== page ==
A lot of talk has gone into the subject of the possibility of a pitchers reaching 105mph, and while it may be possible, it won't be for a long time and I hope to see Strasburg pitching for a long time.
Video Clip
-S

Thursday, March 26, 2009

Ryne Sandberg

Ryne Sandberg 2005 Hall of Fame Induction Speech

Click the link above to view one of the greatest Hall of Fame Induction Speeches ever. The video is just under 24 minutes, so take a chance to watch it when you have some time. I'm glad to have him coaching in the Cubs farm system for the AA Tennessee Smokies.

-S

Book Review 1: The Glory of their Times

Whether it's the newspaper, Sports Illustrated, ESPN Magazine, or just baseball books, I am constantly reading something. A lot of people also know that I rarely listen to music when I am in the car. Instead, I either have on ESPN radio or MLB on XM radio. Between all the driving I do, I average about 2 hours in the car everyday. So, I take advantage of that time by advancing my knowledge of the game with the perspectives of others in sports, specifically baseball. If you are anything like me, you'll love the book I'm about to mention.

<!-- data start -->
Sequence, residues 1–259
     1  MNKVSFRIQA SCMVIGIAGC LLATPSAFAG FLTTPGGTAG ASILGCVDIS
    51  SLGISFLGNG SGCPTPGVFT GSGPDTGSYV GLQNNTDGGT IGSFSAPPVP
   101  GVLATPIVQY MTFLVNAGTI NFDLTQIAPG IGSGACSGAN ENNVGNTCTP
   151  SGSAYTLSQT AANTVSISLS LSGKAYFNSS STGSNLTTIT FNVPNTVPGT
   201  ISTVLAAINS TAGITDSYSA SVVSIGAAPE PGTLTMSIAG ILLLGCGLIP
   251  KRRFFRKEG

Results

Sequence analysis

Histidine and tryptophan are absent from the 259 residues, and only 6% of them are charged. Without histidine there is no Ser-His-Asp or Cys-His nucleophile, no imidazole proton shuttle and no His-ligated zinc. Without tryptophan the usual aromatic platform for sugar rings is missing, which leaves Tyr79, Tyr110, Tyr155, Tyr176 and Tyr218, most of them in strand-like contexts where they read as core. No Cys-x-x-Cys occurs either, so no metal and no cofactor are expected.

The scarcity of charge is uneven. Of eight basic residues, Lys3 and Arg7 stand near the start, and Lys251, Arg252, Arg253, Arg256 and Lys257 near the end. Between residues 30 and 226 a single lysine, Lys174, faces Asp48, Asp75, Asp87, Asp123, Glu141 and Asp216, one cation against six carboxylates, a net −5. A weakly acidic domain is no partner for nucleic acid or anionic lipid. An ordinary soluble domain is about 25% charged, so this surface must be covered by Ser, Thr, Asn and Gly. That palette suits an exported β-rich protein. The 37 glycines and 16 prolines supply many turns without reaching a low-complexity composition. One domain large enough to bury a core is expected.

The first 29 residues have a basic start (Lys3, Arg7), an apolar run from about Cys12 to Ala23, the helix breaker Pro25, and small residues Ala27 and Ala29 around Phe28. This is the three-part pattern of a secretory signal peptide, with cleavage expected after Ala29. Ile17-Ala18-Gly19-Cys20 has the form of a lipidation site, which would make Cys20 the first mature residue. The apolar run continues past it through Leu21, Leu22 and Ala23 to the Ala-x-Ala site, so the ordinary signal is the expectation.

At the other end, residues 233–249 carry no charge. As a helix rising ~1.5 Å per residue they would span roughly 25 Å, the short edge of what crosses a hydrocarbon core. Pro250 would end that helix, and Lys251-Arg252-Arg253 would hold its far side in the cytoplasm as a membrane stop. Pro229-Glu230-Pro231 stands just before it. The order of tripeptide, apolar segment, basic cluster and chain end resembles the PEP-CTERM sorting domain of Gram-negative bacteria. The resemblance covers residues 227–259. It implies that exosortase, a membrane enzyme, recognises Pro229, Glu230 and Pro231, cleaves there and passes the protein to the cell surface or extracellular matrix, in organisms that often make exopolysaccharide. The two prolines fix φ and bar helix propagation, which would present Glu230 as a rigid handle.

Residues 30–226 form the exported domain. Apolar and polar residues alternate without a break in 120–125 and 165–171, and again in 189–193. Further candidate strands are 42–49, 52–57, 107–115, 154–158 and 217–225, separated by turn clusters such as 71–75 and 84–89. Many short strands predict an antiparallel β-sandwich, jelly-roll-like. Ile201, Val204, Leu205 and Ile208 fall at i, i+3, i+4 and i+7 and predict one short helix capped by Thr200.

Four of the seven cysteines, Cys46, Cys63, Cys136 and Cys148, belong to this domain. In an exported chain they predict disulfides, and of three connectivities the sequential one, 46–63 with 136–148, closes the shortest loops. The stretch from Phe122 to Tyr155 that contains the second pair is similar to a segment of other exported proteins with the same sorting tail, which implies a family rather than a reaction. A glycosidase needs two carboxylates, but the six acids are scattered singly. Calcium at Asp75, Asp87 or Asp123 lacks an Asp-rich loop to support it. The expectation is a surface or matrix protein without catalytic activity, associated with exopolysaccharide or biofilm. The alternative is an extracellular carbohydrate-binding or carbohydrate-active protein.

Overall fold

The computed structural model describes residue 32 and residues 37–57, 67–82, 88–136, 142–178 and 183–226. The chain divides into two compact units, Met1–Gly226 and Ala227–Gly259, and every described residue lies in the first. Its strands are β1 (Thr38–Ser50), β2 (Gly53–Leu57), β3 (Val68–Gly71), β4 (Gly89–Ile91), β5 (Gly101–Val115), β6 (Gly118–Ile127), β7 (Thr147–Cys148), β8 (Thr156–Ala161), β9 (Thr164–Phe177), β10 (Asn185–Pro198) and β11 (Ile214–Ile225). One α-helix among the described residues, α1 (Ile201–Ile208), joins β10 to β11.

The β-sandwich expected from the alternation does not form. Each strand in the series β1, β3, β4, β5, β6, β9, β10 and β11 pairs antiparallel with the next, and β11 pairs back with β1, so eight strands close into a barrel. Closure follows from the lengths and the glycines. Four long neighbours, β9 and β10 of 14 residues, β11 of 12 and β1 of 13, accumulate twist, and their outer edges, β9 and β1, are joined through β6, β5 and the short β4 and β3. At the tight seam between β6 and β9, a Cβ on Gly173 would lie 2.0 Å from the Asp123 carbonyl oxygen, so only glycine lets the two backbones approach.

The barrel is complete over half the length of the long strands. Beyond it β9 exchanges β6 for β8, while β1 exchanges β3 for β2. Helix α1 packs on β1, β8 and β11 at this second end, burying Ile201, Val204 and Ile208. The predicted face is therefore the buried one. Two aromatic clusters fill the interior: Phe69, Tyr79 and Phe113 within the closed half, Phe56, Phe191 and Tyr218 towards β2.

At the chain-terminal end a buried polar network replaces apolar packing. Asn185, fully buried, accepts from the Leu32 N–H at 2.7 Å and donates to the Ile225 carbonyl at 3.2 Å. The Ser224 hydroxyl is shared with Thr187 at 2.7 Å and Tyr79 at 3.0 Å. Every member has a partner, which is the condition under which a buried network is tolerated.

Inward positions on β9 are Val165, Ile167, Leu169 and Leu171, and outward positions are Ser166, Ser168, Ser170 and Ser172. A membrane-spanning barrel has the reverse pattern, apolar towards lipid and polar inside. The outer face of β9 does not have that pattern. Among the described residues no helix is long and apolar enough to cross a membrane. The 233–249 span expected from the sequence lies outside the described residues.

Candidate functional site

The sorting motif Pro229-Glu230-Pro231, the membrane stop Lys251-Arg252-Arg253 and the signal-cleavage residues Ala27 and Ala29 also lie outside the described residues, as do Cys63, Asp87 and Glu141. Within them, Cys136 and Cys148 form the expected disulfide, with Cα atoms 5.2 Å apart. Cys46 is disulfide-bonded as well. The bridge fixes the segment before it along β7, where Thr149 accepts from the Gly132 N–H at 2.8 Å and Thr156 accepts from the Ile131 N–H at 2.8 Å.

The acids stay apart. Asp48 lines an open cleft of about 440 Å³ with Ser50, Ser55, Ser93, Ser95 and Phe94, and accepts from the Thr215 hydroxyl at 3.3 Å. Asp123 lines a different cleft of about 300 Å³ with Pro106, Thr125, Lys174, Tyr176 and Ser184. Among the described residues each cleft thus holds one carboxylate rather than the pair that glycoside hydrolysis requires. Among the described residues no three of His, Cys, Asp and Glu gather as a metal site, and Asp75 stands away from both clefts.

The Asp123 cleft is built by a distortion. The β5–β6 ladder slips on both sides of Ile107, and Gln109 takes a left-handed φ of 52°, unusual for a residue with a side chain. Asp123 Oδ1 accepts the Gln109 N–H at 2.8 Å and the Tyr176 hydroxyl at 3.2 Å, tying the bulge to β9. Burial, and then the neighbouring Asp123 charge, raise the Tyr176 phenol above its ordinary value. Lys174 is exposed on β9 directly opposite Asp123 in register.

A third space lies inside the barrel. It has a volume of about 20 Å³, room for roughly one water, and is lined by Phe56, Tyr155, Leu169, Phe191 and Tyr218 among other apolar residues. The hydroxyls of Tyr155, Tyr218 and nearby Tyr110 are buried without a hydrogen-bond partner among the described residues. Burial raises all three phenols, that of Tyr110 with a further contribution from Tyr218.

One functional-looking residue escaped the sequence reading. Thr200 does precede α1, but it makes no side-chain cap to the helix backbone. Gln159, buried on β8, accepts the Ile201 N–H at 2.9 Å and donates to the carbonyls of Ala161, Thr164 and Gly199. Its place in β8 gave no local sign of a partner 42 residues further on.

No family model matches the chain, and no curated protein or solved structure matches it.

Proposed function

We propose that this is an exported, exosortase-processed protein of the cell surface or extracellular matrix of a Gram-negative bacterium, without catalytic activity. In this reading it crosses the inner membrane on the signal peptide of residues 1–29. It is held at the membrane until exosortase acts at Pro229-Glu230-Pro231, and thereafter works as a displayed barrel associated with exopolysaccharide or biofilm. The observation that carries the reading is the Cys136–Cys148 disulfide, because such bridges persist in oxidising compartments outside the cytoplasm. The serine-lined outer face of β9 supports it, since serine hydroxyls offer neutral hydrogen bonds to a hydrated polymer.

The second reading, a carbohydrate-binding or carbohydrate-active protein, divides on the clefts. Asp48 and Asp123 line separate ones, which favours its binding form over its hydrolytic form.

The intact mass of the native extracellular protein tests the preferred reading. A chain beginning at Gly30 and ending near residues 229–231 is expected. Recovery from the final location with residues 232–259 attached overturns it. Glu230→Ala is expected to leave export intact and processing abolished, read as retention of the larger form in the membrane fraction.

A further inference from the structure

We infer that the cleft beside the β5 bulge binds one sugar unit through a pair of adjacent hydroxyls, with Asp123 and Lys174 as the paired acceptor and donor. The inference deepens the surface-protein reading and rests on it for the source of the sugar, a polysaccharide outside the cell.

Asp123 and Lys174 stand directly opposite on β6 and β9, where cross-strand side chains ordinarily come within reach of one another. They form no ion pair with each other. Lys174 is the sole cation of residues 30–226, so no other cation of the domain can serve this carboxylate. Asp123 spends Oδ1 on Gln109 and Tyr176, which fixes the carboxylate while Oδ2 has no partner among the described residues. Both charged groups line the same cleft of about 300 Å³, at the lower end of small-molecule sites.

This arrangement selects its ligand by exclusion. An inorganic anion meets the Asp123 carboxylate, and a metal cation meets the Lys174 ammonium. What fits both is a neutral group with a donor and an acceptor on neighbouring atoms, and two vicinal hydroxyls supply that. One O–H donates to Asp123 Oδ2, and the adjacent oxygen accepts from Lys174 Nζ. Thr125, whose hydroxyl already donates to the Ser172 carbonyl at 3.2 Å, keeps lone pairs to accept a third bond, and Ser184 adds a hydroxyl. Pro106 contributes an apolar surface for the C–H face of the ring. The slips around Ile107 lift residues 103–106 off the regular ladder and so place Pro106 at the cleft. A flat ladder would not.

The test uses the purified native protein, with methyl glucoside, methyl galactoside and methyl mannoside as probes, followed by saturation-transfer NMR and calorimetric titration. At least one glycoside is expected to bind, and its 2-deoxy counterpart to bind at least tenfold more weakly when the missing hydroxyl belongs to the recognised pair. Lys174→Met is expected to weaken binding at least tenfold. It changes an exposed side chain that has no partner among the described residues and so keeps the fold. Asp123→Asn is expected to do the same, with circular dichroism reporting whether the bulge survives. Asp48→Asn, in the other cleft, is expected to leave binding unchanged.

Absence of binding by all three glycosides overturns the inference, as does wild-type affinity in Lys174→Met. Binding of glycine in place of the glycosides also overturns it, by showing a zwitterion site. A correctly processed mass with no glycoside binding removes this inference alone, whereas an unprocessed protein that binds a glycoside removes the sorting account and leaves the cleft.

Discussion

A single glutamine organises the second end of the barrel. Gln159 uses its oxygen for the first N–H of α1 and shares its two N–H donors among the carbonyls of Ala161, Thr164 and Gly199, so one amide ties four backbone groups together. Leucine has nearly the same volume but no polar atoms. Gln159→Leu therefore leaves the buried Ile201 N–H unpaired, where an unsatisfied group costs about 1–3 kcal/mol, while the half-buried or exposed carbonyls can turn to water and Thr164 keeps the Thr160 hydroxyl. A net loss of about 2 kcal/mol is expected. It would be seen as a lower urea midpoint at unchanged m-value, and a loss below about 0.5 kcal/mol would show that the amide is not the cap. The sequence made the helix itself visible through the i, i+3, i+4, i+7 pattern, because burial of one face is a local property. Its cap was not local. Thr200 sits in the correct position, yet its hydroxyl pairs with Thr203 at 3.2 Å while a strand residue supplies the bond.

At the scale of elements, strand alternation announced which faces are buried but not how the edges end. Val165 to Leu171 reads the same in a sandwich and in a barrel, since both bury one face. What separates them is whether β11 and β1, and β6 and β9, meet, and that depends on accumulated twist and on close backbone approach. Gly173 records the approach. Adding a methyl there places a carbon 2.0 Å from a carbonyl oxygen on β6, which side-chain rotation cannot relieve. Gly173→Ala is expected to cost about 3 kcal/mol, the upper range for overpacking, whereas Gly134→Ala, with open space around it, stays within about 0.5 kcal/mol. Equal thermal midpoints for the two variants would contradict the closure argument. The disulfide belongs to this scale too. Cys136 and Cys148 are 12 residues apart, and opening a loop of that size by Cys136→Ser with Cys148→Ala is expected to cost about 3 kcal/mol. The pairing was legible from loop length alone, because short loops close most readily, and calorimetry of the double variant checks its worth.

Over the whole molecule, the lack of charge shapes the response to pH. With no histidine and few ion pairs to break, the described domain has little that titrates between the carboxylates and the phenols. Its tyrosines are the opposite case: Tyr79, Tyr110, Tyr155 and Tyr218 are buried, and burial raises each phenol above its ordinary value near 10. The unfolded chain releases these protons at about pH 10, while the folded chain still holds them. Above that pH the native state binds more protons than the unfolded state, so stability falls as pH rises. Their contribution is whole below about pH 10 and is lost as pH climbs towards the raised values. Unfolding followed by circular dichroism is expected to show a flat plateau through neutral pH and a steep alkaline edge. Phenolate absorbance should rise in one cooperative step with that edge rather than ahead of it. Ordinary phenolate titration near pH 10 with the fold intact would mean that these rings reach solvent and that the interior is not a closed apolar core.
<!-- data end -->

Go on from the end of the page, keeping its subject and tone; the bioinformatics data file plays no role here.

A few months ago I finished a book by Lawrence S. Ritter called, The Glory of their Times: The Story of the Early Days of Baseball Told by the Men Who Played It. It was originally published in 1966, but the book I have is a reprint from 2002. In the 26 chapters that encompass the book, you get a first person narrative from some of the greatest players to ever step onto the field. The ballplayers featured in this book were all honored players of their generations. What I love most about this book is the way it captures the pure essence of an entire era of baseball that I, nor my parents, where ever able to experience first hand. But, through each former players personal anecdotes, you can feel their sheer love for the game. You can actually feel the sacred entity of baseball; the ability to step on the field and play as a team, where individual statistics were ignored and managers ran the team without fear. Most the players featured in the book are deceased, but through Ritter's hard work to compile these stories, we have an opportunity to relive what baseball use to be like and hope for one day to have people like these men back as the majority in baseball.